We frequently say that “emotions are contagious,” but we don’t frequently admit that not only emotions but the environment created by the attitudes and thinking of leaders and core members in a group are just as contagious in the form of groupthink.

Those of us with hospital experience will admit that each floor or service has its own culture, and if we are to work effectively with the staff and efficaciously serve the patients on that floor or service, we have to be aware of the groupthink phenomenon as it most certainly exists on that floor. Take for example, the service where the nursing leadership is more technically oriented than spiritually, and their attitude towards the “necessary evil” of chaplain intervention must be tolerated rather than facilitated. That attitude extends to all the staff on that service and the symptoms of groupthink are explicit. How do we deal with that situation armed with the awareness of the probable existence of groupthink?

Organizations like hospice are hotbeds for the groupthink phenomenon because they are founded on very clear principles of operation and program. The objectives and goals of hospice are clearly defined and the team is guided by specific tasks and protocols. The agenda is clearly defined. You simply don’t dissent or rock the hospice boat. Groupthink.

Institutional Agendas Define the Group.

Palliative care situations are probably somewhere in between the hospital/trauma center and the hospice situation. Depending on how tightly management controls operations, groupthink may be more or less obvious, but clearly the palliative care environment can be fertile ground for groupthink.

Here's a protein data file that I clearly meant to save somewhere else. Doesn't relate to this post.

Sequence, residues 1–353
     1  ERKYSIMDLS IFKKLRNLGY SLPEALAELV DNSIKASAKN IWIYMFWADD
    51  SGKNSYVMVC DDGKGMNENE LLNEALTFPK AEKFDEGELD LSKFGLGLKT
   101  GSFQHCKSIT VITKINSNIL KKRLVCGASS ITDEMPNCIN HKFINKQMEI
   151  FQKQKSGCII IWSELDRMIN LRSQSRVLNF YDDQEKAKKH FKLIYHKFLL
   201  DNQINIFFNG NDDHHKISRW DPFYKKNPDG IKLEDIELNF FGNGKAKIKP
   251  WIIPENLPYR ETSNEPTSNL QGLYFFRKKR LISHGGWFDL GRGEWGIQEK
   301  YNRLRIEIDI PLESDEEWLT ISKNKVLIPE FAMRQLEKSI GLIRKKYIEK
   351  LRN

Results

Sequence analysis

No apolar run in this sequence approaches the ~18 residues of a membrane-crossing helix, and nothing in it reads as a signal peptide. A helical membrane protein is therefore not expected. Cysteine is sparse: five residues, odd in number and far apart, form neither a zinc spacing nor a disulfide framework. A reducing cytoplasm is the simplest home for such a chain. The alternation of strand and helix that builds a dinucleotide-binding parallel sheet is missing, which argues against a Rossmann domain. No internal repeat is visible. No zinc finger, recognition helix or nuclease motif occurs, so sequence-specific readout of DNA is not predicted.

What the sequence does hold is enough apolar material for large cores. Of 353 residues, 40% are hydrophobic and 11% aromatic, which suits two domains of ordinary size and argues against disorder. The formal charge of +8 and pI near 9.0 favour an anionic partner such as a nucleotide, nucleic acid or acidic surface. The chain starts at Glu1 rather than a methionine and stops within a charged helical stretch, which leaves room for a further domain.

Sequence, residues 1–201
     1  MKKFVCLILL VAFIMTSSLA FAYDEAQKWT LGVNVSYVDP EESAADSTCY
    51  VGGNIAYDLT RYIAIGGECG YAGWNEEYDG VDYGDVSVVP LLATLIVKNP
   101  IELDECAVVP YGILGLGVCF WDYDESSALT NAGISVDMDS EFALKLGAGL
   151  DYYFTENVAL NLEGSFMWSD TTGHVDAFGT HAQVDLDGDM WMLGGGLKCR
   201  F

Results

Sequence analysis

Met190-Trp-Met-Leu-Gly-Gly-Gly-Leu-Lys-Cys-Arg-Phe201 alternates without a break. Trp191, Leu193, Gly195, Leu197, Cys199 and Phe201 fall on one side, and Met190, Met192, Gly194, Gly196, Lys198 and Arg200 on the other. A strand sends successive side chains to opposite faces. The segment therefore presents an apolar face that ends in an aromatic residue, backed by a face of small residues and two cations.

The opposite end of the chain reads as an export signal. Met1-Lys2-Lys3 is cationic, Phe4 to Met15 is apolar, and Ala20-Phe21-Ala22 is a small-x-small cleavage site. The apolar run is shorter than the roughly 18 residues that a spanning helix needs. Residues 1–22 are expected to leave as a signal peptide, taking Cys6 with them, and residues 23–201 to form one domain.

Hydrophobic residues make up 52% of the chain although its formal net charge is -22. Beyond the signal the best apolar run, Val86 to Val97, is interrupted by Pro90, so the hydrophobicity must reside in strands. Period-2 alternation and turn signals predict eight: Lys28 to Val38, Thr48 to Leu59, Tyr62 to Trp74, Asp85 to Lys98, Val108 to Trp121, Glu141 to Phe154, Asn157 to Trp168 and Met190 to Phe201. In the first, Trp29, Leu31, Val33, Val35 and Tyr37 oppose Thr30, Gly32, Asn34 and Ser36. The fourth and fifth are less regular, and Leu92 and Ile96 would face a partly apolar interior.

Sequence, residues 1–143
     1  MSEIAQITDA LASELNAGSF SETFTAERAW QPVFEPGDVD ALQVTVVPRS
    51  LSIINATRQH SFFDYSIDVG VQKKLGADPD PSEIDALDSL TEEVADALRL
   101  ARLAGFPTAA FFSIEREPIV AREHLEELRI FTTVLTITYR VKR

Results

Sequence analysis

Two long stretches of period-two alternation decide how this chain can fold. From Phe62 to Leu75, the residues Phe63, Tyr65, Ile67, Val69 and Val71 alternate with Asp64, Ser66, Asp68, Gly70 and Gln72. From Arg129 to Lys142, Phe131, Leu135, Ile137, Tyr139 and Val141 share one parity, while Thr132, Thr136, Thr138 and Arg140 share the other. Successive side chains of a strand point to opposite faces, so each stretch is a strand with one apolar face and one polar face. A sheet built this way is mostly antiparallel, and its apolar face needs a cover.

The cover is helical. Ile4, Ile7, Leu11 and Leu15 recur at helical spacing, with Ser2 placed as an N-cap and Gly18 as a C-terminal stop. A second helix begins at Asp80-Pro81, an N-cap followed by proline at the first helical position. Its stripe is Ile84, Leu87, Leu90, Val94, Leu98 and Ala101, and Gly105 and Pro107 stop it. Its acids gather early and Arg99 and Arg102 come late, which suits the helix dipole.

Depending on whether the funeral home is a traditional “family” operation or if it is a member of a deathcare service “group” or is a multinational corporation providing a range of deathcare products and services, groupthink may range from “tradition” to “corporate policy.”

As “tradition” the groupthink may have developed as a response to the local culture, whether it be socioeconomic, ethnic, religious, etc. In this case, it is a response to the exigencies of doing business with that demographic mix, and is almost a requirement for survival. Is this “positive” groupthink? Perhaps, but it goes without saying that unless the establishment leaves the door open to open discussion, sharing of insights, correct interpretations of warning signs and red flags, it can quickly transmute into “negative” groupthink.

As the organization leaves the traditional, local, “family” orientation or organization and moves towards the group or the corporate systems, groupthink becomes more of a high risk than a positive stabilizing factor. This is where the culture of the group or corporation overshadows the individuals that move it as well as those who consume its products and services. Rather than being an evolving, “living” organism, it is a monolith.

A number of large multinational corporations like IBM, 3M, Anheuser-Busch have recognized the threat posed by groupthink and have implemented and developed processes to prevent or at least to mitigate its deleterious and prejudicial effects within the components of the organization and on the organization as a whole. Lunenburg (2012) discusses some of the ways they have approached prevention of groupthink by way of methods like devil’s advocacy and dialectical inquiry. McDougel and Baum (1997) discuss the application of devil’s advocacy to stimulate discussion and avoid groupthink in focus groups.[12] McAvoy et al. discuss how devil’s advocacy and the principles of sensemaking can be used in a method they call the “agitation workshop” as a method of challenging the false consensus created by the groupthink phenomenon.[13]